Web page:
Most large companies don't either if they can help it. That's why we have class action lawsuits: a bunch of little guys banding together can be as powerful as the corporate behemoths, who could otherwise pick off individuals one by one. Look at the stonewalling Toyota did. It finally came back to bite them in the ass.

You'll also note that there was a flurry of other recalls in recent weeks in addition to Toyota's. The various car companies probably figured that there's safety in numbers instead of being the lone duck announcing one.

Re:Motormouth failed his talking test? (5, Insightful)

plover (150551) | more than 4 years ago | (#31445414)

There is a distinction between "acknowledgment" of an already known problem and the "announcement" of a brand new one. Hackers know about the problem already, and apparently it was widely known how to game the system, so this was only an acknowledgment. The CISO didn't reveal anything new, although it was apparently new to this particular audience.

By making future CISOs afraid for their job, the governor has poisoned the CISO's ability to actually perform their duties.

Re:Motormouth failed his talking test? (5, Funny)

Hatta (162192) | more than 4 years ago | (#31445028)

Apples and oranges, one is a health risk, one isn't.

Which one is it?! Who knew picking from the fruit basket would be like playing russian roulette?

Re:Motormouth failed his talking test? (3, Funny)

geekoid (135745) | more than 4 years ago | (#31445662)

Simple, take the banana and shoot the guy holding the basket.

Re:Motormouth failed his talking test? (3, Funny)

Hatta (162192) | more than 4 years ago | (#31445784)

But what if he has a pointed stick?

Re:Motormouth failed his talking test? (4, Funny)

spun (1352) | more than 4 years ago | (#31446322)

Ooh, ooh, ooh; want to learn how to defend yourself against pointed sticks, do we? Getting all high and mighty, eh? Fresh fruit not good enough for you, eh? Well let me tell you something lad! When you're walking home tonight and some great homicidal maniac comes after YOU with a bunch of loganberries, don't come cryin' to me!

Re:Motormouth failed his talking test? (0)

Anonymous Coward | more than 4 years ago | (#31446362)

Apples taste good, oranges taste good.

Apples can be made into juice; oranges can be made into juice.

Your move, bub.

Re:Motormouth failed his talking test? (1)

geekoid (135745) | more than 4 years ago | (#31445740)

You also do not want a nuclear regulator spilling his guts about an ongoing investigation.

Re:Motormouth failed his talking test? (1)

gamecrusader (1684024) | more than 4 years ago | (#31447472)

actually with a nuclear ongoing investigagtion the world has to know about that one.
unless the CIA has some involvevment then everyone has to know.

Re:Motormouth failed his talking test? (1)

blair1q (305137) | more than 4 years ago | (#31445820)

He wasn't blowing a whistle, he was making conversation.

As an employee, he's required to follow the organization's policies, one of which is that releases of information go through information-release channels, at least for approval.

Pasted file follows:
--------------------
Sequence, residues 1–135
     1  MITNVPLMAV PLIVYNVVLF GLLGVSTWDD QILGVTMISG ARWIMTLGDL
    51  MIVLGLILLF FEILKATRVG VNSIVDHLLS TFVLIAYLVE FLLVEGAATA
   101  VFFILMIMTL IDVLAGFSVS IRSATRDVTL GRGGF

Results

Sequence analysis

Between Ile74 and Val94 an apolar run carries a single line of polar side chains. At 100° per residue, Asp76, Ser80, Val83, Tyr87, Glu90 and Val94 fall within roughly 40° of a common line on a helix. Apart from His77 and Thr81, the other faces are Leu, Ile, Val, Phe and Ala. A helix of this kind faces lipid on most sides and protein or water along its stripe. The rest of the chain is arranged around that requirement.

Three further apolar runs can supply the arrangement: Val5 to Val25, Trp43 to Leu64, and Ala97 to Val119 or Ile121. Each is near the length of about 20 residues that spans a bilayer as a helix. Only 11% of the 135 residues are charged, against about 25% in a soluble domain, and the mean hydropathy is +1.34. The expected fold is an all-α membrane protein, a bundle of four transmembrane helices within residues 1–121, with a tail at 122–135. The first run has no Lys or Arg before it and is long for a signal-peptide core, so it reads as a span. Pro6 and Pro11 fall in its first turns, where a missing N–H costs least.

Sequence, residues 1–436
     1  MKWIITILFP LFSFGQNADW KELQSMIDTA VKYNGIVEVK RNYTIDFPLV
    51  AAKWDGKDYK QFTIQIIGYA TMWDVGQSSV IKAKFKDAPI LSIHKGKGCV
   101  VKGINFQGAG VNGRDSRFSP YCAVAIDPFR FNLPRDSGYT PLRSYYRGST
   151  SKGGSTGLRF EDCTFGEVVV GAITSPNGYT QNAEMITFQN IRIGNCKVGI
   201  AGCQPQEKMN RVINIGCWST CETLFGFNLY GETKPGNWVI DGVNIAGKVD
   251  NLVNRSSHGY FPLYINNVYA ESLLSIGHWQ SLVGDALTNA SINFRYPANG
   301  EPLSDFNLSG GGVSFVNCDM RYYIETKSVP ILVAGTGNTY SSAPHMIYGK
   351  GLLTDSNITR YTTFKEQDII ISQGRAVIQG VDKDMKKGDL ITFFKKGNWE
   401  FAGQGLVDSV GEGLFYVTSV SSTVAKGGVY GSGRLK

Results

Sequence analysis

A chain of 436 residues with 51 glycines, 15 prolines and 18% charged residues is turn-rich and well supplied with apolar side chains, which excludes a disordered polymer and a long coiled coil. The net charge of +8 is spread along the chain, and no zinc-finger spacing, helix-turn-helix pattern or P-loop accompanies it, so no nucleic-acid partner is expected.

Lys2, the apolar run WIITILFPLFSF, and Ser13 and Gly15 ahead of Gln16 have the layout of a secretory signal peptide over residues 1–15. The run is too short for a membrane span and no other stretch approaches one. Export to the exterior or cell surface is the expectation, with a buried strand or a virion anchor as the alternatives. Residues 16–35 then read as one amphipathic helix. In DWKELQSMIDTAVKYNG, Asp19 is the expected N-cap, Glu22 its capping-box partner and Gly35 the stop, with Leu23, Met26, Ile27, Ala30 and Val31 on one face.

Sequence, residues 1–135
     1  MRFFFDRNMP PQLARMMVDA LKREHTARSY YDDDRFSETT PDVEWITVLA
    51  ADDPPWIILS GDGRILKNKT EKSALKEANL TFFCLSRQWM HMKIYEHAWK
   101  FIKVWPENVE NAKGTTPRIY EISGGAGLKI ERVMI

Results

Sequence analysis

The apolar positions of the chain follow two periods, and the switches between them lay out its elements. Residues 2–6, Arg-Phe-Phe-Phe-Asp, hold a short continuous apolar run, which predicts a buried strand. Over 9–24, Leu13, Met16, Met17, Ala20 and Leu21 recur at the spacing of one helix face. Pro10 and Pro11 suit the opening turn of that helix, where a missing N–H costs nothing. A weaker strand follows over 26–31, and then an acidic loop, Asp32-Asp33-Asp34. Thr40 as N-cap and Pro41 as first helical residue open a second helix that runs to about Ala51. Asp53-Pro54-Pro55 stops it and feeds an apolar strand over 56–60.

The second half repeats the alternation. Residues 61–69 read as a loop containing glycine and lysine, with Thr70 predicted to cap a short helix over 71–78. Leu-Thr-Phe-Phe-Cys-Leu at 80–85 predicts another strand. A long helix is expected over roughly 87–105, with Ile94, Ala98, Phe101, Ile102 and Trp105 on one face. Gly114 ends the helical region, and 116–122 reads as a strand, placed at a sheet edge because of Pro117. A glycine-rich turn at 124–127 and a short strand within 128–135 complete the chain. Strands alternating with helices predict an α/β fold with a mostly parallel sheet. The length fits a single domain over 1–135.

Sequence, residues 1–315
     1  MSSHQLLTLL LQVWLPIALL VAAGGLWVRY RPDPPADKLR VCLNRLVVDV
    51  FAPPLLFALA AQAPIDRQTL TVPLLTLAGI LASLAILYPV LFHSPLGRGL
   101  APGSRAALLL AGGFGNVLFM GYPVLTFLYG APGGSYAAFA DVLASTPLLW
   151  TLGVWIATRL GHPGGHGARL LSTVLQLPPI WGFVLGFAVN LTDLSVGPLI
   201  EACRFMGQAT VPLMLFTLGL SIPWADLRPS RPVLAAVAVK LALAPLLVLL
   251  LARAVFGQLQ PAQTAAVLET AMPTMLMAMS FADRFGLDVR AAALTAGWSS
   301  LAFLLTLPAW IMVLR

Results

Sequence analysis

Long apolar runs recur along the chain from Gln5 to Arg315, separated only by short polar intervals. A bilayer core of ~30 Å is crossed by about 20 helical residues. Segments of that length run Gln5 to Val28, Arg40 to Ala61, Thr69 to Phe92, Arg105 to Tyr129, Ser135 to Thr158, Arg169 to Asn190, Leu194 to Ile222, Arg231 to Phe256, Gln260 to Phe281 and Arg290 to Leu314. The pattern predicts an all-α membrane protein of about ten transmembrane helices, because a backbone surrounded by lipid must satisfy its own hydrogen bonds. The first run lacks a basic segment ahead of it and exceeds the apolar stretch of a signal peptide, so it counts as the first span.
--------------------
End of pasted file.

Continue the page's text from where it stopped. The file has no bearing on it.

If he'd asked for approval, and been denied, but decided it was an ethical problem that could only be resolved by releasing the info anyway, he might be protected by whistleblower laws. If merely applying for approval might have compromised his safety or rights, he might be protected by whistleblower laws.

Neither was the case here. He just yapped without checking.

Which is just sloppy corporate citizenry.

Rule 1: if you don't want to follow rule 2, stop reading the job application now.

Re:Motormouth failed his talking test? (2, Insightful)

crymeph0 (682581) | more than 4 years ago | (#31446034)

...He just yapped without checking.

Which is just sloppy corporate citizenry.

Except his employer isn't "corporate", they're a U.S. state, funded by taxpayers. As a taxpayer, I demand to know if there are security (or "configuration") holes that have been actively exploited at the institutions my taxes fund, unless the dissemination of such knowledge would hurt an ongoing police investigation. There is no mention in the story of such a request from the police, just a general indication that the police are investigating.

Re:Motormouth failed his talking test? (1)

dieth (951868) | more than 4 years ago | (#31446762)

He was the "Chief Information Security Officer" who was he going to get approval from? Sounds like it's already his job to make the decision regarding the release of information, and this is just a pissy Governor who doesn't know fuck all about what's going on.

Re:Motormouth failed his talking test? (1)

Qzukk (229616) | more than 4 years ago | (#31446882)

He was the "Chief Information Security Officer"

It's a government. His title puts him in line behind the 5000 other Czars and Rulers and Gods and Donors and Nephews and...

Re:Motormouth failed his talking test? (0)

Anonymous Coward | more than 4 years ago | (#31447036)

Of course the only reason that a heavy water leak would be problem, assuming no PCBs, dioxin, or dangerous contamination, is due to the waste of heavy water. As you're no doubt aware, heavy water is almost completely innocuous, unless you're drinking almost nothing but heavy water. It seems a heavy water leak would be more of an issue for the accountants than the nuclear regulators.